FRED BARNES (11/20): These charges by Gore are disingenuous if not totally false. He says Bradley is getting rid of Medicaid...The fact is [Bradley] would substitute another program that would provide a subsidy so poor people could buy their own health insurance...

MORTON KONDRACKE: Look, I've talked to Republican health analysts who say that Gore is absolutely right when he says that Bradley's health plan is so expensive that it would use up the entire budget surplus. [Kondracke's emphasis]

Are Kondracke's Republican analysts right? Once again, we simply can't tell you. But Barnes, like Gigot, makes no attempt to address the issues Herbert defined nine days earlier. And Kondracke, who suggests Gore is right about overall costs, persists in the notion that there is a trillion-dollar surplus available. Every major publication has shown that is false, unless future presidents stick to the 1997 spending caps. Can you see how hard it is to get the scribes to deal with the simplest realities?

We have said "we don't know" again and again in the course of this brief discussion. And do you know why we know so little, dear readers? It's because the press corps simply loves process stories—simpering gossip about who's in and out; angry stories about who won't behave—and refuses to spend its precious time determining which hopefuls are right. Paul Gigot wants to tell you that Gore won't play nice. He complains that Gore will say what it takes. But, oops, he forgot just one small thing. He forgot to say if what Gore says is accurate.


Tomorrow: Recent "process" stories on Sen. Bradley illustrate the flaws of the whole silly genre.

Doleful: For the record, here's how Bob Dole says he feels. On a recent Hardball, he was asked to comment on (what else) Gore's clothes:

CHRIS MATTHEWS: You like this new Al? The olive-colored suits, the three-button jackets, the whole—

DOLE: Well, I don't dislike the old Al. I'll say this about it, they're both men of integrity. I served with them for years in the senate. They're both sort of loners...But they're decent guys, and maybe different philosophies. But it seems to me at the bottom, when you make that final cut, it's going to be Al Gore.

Dole was asked to say more about Bradley:

DOLE: He's a good guy to work with, he's open to argument, he's not the classic partisan...He played a big role in the tax cuts in the 90s, and, you know, he's a solid guy. He's a thinker, he studies. But Al Gore's also a hard worker. So they have two pretty good candidates.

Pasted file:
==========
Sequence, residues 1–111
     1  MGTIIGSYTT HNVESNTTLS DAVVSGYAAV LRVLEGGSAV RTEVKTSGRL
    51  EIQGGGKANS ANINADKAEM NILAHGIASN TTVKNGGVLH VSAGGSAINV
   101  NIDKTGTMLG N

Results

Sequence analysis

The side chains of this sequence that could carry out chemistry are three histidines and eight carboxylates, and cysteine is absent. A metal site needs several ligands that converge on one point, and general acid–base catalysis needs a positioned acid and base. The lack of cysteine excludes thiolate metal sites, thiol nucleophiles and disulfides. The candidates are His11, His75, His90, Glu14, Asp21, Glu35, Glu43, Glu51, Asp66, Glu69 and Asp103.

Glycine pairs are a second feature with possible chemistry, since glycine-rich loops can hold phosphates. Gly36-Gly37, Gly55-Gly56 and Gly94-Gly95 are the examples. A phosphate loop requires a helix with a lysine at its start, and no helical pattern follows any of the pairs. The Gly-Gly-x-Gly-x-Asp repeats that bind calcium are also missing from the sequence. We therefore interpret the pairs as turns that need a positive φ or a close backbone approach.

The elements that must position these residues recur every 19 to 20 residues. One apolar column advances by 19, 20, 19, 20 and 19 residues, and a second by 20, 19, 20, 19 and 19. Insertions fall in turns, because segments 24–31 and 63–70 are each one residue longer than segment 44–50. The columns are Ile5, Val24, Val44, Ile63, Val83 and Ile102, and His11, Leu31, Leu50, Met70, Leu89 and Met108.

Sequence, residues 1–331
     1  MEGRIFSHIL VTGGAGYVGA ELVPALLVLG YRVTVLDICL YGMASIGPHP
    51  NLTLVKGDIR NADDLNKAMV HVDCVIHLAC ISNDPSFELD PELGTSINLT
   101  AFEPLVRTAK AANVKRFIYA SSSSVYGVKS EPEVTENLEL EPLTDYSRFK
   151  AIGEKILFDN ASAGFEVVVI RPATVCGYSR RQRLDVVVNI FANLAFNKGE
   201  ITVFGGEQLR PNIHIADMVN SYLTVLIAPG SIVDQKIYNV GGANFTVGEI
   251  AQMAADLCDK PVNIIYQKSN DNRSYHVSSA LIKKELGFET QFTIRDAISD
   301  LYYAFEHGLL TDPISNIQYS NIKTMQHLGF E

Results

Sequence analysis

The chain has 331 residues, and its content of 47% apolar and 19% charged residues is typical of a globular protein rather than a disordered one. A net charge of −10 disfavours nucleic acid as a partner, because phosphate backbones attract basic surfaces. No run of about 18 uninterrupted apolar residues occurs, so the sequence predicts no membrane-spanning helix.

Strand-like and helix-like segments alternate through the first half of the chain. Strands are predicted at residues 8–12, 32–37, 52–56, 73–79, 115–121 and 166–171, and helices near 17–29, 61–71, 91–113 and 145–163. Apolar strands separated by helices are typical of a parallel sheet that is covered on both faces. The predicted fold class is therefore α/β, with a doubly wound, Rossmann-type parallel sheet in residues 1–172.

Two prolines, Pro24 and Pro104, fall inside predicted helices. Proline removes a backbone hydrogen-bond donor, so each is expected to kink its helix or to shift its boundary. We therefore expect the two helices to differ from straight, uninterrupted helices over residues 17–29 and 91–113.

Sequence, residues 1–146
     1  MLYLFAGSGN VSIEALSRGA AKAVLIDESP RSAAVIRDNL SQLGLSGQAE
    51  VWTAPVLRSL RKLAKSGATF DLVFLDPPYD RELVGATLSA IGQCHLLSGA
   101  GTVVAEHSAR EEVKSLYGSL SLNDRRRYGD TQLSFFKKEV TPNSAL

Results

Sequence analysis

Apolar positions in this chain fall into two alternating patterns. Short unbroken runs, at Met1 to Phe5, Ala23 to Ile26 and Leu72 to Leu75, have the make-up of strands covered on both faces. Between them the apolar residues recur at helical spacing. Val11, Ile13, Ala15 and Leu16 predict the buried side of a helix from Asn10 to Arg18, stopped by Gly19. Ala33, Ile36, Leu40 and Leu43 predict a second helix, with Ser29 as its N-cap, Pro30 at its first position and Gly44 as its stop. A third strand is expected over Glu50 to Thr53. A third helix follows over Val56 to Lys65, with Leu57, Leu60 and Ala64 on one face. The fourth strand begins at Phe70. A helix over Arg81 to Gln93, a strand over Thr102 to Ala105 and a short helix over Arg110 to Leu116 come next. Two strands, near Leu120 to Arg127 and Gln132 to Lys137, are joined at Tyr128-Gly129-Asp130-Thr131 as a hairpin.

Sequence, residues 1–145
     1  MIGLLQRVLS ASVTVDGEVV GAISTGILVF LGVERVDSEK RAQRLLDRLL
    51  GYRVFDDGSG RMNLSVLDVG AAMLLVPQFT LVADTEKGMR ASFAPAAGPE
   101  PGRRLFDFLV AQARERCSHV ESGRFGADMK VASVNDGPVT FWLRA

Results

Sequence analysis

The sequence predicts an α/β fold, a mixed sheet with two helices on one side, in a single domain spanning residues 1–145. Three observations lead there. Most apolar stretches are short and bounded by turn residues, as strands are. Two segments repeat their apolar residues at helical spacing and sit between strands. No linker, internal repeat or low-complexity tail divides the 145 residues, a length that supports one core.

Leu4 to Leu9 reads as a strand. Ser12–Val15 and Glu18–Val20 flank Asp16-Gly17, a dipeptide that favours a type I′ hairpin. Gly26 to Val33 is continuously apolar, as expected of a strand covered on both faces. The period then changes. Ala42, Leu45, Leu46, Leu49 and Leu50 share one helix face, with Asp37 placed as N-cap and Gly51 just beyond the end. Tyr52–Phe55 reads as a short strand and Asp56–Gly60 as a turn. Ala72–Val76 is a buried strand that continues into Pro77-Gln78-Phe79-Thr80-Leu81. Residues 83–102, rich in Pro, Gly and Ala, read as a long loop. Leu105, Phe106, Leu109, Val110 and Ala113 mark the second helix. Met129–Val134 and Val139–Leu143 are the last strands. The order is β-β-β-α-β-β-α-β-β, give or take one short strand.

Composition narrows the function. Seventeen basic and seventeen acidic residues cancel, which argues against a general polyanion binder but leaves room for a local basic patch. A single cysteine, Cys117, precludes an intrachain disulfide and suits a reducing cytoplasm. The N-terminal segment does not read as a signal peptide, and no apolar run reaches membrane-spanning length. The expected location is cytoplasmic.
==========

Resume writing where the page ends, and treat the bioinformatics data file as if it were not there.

Speaking of saying whatever it takes: Gigot misstates the nature of Bradley's proposal. Here's his second paragraph:

GIGOT (2): The lanky, languid liberal thought he could attract Democrats by expanding government health insurance for children. But to do so he dared to propose replacing the bureaucratic, faltering Medicaid program with subsidies so more of the poor could buy private insurance. According to Al Gore, this makes Mr. Bradley the moral equivalent of Newt Gingrich.

Don't wait for a quote to back up that last paraphrase. Later on, Gigot refers back to his principal assertion:

GIGOT (13): Mr. Gore's attack on the Bradley health plan also comes straight from the 1995-1996 Clinton playbook: First endorse the popular goal your opponent has pioneered...Then seize on a detail to distort and demagogue as "extreme" and heartless.

But Bradley hasn't proposed "expanding health insurance for children." That's what Gore has proposed. Bradley has proposed expanding health coverage on a much wider basis. (That's why he says his plan is better.) The "detail" that Gore has criticized, by the way? He says Bradley's plan would cost a trillion bucks over ten years. To conservative Gigot, a trillion dollars in government spending now somehow has become a "detail."

(NOTE: We don't know who is right about the cost of Bradley's plan. We express no view about whose goal for expanding coverage is wiser. Readers could decide things like that for themselves—if they could get a clue what the two plans might cost.)

Elsa Klensch speaks: It's the law—scribes are required to refer to Gore's clothes. On Monday, Ceci Connolly wrote an article about Gore's "declaration of independence" from Clinton. Here's the first half of her nugget paragraph:

CONNOLLY: From decisions as simple as wardrobe to matters as complicated as abortion, Gore is cutting his ties to Clinton. Part of the shift is evolution, Gore contends, noting "I have to win this on my own."

Really! Does Clinton lay out his vice president's clothes? We'd love to hear Connolly explain how Gore has "cut his ties to Clinton" on the matter of wardrobe!